Sunday, March 17, 2013

Animals that farm

People like to think that we're unique, but we aren't the only animals that farm. 
Beaver dam completely surrounding storm drain
 In the picture above  you can see the structure that a beaver has created all the way around a culvert that drains that area.   You can actually see the dam if you look at it in google maps.    It's right next to the local highway, which is how I spotted it a year or so ago.  I've watched this beaver build this for a year or so. 
Farming, beaver-style
 The water impounded by this dam floods the area, allowing the beaver to get to more and choicer trees, and giving it an easy way to escape predators.  They're vulnerable on land, but pretty safe if they're in the water. 
Beaver Damaged trees
 All of the trees in the photo above show beaver damage, and I'm sure that this critter will continue to clear these trees for the rest of its life; probably clearcut the whole thing. 

Flooded meadow, beaver dam at lower right
 So this is a critter that is changing its environment to better suit its purposes.  Effectively farming this area.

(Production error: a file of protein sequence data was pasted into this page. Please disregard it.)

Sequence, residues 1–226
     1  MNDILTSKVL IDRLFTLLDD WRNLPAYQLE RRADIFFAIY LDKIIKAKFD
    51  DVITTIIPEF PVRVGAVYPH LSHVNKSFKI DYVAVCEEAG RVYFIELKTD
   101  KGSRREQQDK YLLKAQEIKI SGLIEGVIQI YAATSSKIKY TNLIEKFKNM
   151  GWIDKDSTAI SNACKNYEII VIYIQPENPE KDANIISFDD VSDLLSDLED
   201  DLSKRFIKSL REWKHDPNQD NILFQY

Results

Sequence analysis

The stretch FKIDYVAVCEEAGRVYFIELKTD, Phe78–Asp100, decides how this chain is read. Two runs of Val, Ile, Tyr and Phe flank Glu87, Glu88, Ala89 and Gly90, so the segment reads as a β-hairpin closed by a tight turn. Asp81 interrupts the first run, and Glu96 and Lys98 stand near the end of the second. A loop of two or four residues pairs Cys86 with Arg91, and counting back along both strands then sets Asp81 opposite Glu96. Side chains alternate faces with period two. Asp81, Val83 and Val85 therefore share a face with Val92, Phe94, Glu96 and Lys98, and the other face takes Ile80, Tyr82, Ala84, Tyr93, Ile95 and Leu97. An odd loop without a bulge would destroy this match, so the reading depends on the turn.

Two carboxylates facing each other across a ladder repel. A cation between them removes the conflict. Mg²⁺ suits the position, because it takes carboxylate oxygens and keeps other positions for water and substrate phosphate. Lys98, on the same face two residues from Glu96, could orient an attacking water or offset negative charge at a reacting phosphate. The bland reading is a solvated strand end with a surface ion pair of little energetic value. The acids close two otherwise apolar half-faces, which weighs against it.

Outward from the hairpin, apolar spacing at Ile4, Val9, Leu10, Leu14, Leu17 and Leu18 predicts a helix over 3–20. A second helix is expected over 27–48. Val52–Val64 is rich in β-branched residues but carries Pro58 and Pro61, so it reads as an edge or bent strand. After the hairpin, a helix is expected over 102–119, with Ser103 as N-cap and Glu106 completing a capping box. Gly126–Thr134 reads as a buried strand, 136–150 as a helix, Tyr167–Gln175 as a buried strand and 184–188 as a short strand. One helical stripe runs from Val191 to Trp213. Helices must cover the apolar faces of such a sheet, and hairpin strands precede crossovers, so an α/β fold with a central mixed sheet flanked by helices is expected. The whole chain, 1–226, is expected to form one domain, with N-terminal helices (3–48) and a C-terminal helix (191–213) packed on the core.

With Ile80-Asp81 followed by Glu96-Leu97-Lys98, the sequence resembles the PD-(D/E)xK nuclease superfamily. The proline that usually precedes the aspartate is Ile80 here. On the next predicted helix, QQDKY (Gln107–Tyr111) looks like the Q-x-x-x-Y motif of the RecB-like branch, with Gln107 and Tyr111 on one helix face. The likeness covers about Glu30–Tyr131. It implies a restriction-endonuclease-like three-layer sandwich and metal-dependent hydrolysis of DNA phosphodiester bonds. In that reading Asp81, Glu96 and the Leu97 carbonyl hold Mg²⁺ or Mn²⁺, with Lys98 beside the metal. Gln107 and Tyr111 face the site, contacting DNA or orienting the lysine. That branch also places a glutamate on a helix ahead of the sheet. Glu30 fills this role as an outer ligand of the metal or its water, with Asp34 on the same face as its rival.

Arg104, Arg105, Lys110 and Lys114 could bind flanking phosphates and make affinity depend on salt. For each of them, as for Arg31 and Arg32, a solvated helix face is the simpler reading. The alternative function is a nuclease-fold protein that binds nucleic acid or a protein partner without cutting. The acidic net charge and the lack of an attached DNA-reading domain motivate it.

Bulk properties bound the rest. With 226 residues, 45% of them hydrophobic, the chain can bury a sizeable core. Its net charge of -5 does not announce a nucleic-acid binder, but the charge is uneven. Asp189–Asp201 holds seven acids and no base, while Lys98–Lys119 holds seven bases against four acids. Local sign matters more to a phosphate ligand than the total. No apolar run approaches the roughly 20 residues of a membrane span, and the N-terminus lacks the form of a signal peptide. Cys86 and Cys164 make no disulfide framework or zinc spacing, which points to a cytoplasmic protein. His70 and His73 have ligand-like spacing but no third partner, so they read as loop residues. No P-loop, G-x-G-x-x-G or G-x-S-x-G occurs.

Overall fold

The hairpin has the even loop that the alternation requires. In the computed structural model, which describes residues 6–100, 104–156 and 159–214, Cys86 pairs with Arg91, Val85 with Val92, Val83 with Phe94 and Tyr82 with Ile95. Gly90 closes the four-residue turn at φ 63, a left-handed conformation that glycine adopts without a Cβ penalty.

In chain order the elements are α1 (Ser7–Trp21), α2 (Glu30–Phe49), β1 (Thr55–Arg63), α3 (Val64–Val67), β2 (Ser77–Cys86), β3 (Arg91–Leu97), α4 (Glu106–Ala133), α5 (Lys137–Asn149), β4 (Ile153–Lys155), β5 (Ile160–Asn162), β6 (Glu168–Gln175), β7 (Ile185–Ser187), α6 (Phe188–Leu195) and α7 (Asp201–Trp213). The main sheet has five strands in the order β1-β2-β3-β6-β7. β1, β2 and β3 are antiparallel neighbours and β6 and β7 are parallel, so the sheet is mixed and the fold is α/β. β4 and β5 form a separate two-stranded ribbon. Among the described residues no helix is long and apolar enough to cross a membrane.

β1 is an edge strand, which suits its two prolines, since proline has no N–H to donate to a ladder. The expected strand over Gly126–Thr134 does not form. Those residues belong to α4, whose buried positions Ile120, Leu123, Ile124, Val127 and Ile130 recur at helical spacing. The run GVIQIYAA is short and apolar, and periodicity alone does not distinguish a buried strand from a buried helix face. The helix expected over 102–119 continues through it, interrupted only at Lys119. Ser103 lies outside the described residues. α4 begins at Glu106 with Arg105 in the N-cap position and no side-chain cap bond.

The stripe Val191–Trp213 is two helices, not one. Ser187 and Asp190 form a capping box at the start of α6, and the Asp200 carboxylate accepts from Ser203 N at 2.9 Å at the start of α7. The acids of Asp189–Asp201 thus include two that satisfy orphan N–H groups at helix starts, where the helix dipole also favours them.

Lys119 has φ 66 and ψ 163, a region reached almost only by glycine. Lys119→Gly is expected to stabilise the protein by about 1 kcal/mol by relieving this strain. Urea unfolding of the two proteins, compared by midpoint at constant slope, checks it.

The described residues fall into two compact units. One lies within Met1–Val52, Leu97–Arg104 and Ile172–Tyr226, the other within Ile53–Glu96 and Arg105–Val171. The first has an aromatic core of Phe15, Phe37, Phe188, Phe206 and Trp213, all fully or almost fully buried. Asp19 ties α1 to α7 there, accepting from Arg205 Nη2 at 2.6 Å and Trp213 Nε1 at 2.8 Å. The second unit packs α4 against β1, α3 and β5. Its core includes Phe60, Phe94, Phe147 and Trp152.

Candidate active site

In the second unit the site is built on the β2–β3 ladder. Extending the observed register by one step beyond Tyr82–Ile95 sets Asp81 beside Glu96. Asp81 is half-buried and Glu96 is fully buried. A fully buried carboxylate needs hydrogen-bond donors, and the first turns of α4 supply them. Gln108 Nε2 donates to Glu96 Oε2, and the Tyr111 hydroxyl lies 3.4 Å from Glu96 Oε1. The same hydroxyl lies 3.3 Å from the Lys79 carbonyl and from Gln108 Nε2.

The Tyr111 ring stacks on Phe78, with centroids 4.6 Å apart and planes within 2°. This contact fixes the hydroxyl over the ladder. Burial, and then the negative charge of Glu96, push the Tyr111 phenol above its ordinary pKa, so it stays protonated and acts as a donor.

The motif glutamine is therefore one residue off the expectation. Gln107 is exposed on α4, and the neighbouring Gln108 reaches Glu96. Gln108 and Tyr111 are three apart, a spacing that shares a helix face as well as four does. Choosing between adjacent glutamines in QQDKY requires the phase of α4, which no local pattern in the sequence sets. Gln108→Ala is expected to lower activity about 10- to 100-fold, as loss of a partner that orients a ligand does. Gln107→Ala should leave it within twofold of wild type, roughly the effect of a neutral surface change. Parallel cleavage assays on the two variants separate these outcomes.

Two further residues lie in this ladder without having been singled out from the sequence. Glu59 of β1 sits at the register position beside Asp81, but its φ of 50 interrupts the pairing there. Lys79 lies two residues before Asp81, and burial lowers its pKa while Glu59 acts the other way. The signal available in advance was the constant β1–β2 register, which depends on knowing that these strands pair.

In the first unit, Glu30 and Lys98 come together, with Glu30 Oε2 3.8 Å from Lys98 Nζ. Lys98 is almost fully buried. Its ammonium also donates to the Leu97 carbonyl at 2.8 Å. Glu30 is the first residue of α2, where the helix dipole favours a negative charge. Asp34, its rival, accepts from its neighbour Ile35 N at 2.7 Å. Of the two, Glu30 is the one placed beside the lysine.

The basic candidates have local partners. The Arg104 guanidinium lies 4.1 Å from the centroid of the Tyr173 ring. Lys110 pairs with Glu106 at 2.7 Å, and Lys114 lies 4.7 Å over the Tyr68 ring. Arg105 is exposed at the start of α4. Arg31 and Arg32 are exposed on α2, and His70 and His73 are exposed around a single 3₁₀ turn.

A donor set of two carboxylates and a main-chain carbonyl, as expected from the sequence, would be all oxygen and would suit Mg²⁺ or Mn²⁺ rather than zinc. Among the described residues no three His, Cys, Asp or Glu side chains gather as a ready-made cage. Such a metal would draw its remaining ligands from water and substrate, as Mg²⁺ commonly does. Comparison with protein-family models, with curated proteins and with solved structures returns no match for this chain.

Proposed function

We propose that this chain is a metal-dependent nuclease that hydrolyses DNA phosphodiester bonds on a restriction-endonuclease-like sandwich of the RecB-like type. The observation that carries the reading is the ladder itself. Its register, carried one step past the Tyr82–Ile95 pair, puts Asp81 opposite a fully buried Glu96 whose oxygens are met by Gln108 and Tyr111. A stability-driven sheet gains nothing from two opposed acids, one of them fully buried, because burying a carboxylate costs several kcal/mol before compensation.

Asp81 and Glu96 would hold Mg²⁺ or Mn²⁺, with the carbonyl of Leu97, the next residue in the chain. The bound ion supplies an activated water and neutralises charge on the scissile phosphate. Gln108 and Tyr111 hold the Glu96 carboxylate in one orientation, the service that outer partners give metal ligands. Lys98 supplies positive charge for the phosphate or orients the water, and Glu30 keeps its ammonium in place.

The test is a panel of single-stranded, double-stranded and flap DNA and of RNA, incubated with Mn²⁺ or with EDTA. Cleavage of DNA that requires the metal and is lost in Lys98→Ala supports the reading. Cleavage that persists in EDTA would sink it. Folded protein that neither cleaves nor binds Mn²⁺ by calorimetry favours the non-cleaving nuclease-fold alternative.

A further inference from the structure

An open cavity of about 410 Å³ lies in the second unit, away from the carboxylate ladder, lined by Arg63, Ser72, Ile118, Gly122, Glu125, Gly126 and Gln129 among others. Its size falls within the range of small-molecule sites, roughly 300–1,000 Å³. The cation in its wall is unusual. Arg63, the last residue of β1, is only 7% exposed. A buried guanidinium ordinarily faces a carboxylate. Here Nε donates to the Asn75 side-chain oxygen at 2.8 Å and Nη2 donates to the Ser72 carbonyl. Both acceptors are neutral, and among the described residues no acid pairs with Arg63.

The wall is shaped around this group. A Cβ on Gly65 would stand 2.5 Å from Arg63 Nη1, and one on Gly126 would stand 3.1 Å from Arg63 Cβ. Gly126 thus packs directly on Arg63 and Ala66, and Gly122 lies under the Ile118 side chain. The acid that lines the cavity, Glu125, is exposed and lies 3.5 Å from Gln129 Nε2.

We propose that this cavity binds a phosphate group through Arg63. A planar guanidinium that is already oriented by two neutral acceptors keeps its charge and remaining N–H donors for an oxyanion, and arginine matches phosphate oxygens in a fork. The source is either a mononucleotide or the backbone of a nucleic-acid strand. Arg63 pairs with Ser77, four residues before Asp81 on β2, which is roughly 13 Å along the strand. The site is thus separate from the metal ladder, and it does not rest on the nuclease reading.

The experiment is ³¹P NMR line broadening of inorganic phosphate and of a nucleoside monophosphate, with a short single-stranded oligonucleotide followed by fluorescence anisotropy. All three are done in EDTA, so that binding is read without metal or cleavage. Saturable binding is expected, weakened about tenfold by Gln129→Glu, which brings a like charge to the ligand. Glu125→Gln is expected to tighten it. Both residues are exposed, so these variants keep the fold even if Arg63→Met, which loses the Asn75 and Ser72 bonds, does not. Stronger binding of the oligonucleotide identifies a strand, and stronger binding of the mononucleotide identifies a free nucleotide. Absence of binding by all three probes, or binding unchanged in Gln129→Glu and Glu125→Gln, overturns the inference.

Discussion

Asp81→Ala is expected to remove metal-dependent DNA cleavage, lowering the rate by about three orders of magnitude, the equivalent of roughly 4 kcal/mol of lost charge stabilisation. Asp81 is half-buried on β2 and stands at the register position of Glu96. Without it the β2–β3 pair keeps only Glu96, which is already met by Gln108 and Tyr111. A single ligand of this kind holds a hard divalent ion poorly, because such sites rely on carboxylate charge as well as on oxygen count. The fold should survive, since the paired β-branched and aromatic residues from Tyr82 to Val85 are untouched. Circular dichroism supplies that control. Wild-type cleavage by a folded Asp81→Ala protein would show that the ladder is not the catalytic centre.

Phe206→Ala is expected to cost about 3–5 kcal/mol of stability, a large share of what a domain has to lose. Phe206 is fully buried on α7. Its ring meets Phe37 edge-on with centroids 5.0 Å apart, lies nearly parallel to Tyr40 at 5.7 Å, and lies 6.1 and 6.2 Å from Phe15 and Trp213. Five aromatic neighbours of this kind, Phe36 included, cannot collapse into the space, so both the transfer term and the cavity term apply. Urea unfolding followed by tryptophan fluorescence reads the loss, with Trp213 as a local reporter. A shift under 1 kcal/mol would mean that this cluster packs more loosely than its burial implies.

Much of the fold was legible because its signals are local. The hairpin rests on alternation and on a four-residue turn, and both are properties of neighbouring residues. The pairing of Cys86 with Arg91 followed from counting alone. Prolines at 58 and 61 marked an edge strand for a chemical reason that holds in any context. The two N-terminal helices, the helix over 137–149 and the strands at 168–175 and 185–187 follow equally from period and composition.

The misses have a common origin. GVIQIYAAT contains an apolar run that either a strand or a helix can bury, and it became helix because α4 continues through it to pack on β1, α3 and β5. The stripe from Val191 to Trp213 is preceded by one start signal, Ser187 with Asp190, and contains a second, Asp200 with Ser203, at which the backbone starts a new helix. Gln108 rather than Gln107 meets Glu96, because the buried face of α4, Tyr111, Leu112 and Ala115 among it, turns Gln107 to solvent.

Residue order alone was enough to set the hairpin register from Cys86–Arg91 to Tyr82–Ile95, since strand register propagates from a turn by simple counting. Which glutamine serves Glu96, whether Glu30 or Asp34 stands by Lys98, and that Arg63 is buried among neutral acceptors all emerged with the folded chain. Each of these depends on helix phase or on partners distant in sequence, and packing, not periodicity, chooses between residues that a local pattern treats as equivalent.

The snohomish river basin, where I farm, was probably a maze of beaver dams when this area was settled by white people.  the local tribes hunted them for meat and fur, but it's pretty clear that they were widespread at the time.  We don't have very good information about the condition of the river deltas -- most of the settlers were busy diking and draining the areas to take notes on what was there before they started, and I mention this because one thing that people talk about is "restoring the land"...

You really have to ask yourself "restoring to what date?" to get this correct.  Are you aming to restore it to what was there before white settlement?  Before the local tribe?  Before humans colonized the americas?  Because each of those is likely a different landscape and different conditions. 

Our current theory is that woody debris and blocked flow are good for salmon, and a lot of effort is spent throwing logs and stumps into the fake wetlands that they construct.   This beaver is doing the same sort of job, but for its own benefit.  It's not thinking about the salmon or migratory birds or anything other than being able to get to more and tastier trees. 

1 comment:

Jonathan said...

I've thought of them as little rat-humans. They do adapt, but their main strategy is to adapt their environment to suit their needs. I've learned a lot from our beavers--a little work every day can have large outcomes. They can have the pond, but I am not going to let them have the field:)